To achieve these and other advantages and in accordance with the purpose of the invention, as embodied and broadly described herein, the invention provides a synchronous switching device. The switching device includes a common electrode, a plurality of distributed electrodes, a plurality of voltage converters and a signal generator. The distributed electrodes are aligned on a straight line facing the common electrode. Each the distributed electrode has a length smaller than the common electrode. Each voltage converter is electrically coupled to the common electrode as well as one and only one distributed electrode. All voltage converters are electrically coupled to signal generator.

According to a second embodiment, this invention provides a planar fluorescent lamp. The planar fluorescent lamp includes a first panel, a second panel, two side panels, two fluorescent layers, a common electrode, a plurality of distributed electrodes, a plurality of voltage converters and a signal generator. The first and the second panel are parallel to each other with side panels between the first and the second panel near the edges so that a planar lamp enclosing a hollow tube is produced. The fluorescent layer is deposited on the interior surface of the first and second panel, respectively. The distributed electrodes and the common electrode are mounted on each side inside the hollow space of the planar lamp adjacent to the side panels. The distributed electrodes are aligned on a straight line facing the common electrode. Each distributed electrode has a length smaller than the common electrode. Each voltage converter is electrically coupled to the common electrode as well as one and only one distributed electrode. All voltage converters are electrically coupled to the signal generator.

It is to be understood that both the foregoing general description and the following detailed description are exemplary, and are intended to provide further explanation of the invention as claimed.

BRIEF DESCRIPTION OF THE DRAWINGS

The accompanying drawings are included to provide a further understanding of the invention, and are incorporated in and constitute a part of this specification. The drawings illustrate embodiments of the invention and, together with the description, serve to explain the principles of the invention. In the drawings,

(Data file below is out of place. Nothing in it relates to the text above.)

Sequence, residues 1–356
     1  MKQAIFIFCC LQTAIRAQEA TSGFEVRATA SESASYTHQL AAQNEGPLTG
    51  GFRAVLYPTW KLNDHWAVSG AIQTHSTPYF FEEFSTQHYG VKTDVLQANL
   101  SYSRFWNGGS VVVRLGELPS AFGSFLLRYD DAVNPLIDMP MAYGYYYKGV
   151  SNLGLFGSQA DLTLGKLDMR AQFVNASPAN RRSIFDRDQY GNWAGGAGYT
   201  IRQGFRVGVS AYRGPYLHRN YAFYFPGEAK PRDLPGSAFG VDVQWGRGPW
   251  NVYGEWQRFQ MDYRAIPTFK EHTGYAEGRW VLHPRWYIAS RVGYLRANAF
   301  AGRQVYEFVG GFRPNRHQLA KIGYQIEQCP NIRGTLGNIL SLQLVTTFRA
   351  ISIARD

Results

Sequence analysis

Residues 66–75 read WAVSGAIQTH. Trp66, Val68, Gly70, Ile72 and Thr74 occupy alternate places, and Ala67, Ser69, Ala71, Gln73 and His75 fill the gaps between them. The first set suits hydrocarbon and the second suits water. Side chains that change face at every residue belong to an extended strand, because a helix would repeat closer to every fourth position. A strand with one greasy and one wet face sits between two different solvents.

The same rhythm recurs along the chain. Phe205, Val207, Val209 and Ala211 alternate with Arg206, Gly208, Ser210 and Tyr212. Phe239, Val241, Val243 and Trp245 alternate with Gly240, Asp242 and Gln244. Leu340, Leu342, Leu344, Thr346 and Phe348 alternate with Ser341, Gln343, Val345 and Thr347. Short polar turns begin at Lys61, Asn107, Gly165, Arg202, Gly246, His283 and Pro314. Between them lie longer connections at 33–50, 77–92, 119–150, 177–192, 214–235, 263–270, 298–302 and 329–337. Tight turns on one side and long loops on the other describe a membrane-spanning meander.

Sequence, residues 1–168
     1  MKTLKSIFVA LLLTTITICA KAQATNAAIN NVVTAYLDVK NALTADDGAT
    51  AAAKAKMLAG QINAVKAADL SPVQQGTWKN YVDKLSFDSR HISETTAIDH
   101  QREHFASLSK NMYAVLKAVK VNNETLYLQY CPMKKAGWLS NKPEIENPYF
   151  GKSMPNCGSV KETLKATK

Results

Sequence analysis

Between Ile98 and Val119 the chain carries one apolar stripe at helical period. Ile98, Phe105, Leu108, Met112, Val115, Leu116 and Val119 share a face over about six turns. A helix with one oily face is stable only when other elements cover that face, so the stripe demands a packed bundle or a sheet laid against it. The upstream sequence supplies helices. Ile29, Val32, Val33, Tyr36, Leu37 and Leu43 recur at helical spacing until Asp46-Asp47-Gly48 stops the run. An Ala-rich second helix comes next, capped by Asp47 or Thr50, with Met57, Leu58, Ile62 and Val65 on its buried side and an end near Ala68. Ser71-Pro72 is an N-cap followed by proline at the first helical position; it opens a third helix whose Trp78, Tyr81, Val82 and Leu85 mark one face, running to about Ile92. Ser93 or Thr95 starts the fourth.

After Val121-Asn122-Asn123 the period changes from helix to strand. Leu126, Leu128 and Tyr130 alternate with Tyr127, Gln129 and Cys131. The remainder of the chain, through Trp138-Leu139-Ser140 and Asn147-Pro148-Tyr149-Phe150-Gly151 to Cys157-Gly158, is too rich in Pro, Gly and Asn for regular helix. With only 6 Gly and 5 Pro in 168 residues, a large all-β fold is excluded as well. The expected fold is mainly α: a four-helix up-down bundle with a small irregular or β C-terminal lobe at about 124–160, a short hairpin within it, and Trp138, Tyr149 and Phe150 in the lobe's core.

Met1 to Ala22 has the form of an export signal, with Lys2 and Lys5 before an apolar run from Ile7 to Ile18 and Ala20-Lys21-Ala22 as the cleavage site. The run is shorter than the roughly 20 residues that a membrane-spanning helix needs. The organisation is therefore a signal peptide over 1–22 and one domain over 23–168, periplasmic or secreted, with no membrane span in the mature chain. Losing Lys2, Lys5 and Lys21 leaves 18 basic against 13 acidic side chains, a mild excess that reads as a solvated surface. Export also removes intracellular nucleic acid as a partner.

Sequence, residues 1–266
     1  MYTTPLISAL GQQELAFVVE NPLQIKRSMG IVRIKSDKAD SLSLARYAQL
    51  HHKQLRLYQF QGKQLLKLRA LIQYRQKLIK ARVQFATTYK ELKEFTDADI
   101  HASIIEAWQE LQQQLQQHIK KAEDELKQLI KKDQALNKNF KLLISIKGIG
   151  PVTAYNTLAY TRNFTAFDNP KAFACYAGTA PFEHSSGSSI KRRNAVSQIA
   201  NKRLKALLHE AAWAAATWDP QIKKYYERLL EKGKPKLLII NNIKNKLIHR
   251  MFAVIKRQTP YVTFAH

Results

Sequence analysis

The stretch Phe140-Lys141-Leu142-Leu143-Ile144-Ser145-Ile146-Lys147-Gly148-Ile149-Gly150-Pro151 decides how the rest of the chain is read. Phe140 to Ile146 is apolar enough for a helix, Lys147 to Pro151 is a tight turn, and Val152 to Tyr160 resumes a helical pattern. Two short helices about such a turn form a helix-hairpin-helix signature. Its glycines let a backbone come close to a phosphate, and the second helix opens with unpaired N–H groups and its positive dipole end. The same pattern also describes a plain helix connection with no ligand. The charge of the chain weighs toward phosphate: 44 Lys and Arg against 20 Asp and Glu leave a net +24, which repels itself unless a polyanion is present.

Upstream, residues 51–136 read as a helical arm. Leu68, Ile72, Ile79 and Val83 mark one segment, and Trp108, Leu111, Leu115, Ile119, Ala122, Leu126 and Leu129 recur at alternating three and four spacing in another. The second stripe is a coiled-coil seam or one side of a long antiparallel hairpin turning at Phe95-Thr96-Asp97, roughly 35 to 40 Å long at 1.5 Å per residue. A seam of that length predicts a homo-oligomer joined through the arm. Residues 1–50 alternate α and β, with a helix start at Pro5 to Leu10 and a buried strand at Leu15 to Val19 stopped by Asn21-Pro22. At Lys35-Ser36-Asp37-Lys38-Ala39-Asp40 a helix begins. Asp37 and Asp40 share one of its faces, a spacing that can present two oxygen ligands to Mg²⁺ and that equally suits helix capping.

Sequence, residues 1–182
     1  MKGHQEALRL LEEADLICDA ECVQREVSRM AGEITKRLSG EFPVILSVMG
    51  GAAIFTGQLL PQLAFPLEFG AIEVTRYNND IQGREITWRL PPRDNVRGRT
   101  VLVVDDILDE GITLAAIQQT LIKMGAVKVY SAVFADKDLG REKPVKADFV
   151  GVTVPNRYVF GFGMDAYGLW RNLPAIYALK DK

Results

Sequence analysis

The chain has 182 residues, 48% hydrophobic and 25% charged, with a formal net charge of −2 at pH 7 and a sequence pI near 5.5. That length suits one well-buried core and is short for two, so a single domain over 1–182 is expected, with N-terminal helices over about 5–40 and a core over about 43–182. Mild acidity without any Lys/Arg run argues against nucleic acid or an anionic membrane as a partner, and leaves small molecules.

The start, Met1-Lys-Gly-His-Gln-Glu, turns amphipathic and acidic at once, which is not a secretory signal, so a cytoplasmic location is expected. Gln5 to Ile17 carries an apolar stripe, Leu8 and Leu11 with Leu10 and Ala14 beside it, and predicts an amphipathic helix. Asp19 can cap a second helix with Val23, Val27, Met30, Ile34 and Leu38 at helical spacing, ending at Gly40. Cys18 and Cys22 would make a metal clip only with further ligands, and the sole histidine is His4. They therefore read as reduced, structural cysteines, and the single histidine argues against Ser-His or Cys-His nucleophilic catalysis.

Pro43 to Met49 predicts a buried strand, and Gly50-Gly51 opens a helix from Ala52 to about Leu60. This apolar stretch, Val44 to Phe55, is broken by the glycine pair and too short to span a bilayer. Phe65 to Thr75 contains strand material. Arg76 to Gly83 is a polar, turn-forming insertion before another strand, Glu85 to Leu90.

FIGS. 1A and 1B are the respective front view and the cross-sectional top view of a conventional planar fluorescent lamp;

FIG. 2 is a side view showing the internal structure of another conventional planar fluorescent lamp;

FIG. 3A is a cross-sectional view showing the internal structure of a planar fluorescent lamp according to one preferred embodiment of this invention; and

FIG. 3B is a front view showing the devices constituting a synchronous switching device and the internal structure of a planar fluorescent lamp according to one preferred embodiment of this invention.

DESCRIPTION OF THE PREFERRED EMBODIMENTS

Reference will now be made in detail to the present preferred embodiments of the invention, examples of which are illustrated in the accompanying drawings. Wherever possible, the same reference numbers are used in the drawings and the description to refer to the same or like parts.

FIG. 3A is a cross-sectional view showing the internal structure of a planar fluorescent lamp according to one preferred embodiment of this invention. FIG. 3B is a front view showing the devices constituting a synchronous switching device and the internal structure of a planar fluorescent lamp according to one preferred embodiment of this invention.

The synchronous switching device of this invention provides the necessary control for the planar fluorescent lamp at the back of a large surface LCD panel so that the entire LCD panel is illuminated to a uniform brightness level. The synchronous switching device and fluorescent lamp system as shown in FIG. 3B includes a common electrode 308, a plurality of distributed electrodes 310, a plurality of voltage converters 312 that each correspond to a distributed electrode and a signal generator 314. The fluorescent lamp 300 as shown in FIG. 3A is structurally similar to the conventional fluorescent lamp shown in FIG. 1A. The fluorescent lamp 300 has a planar fluorescent tube bounded by a first panel 302 a, a second panel 302 b and 2 side panels 302 c.

The first panel 302 a and the second panel 302 b of the fluorescent lamp 300 are parallel to each other. The side panels 302 c are inserted between the first panel 302 a and the second panel 302 b near the edges so that a planar lamp 302 that encloses a hollow tube 304 is produced. The fluorescent layer 306 is deposited on the interior surface of the first panel 302 a and second panel 302 b, respectively.